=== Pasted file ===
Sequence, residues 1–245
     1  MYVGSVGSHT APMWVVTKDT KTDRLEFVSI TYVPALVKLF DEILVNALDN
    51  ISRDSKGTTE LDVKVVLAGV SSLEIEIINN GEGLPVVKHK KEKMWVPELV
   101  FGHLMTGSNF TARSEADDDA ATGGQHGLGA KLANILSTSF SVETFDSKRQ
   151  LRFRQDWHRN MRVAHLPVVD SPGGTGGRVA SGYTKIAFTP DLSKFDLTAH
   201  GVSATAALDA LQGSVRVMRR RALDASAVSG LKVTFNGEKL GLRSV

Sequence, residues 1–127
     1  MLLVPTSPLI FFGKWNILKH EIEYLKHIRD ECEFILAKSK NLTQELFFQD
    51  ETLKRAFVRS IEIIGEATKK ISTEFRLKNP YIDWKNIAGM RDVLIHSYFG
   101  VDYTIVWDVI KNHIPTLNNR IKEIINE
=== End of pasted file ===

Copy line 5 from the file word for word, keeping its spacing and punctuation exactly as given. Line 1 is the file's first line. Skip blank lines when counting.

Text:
   151  LRFRQDWHRN MRVAHLPVVD SPGGTGGRVA SGYTKIAFTP DLSKFDLTAH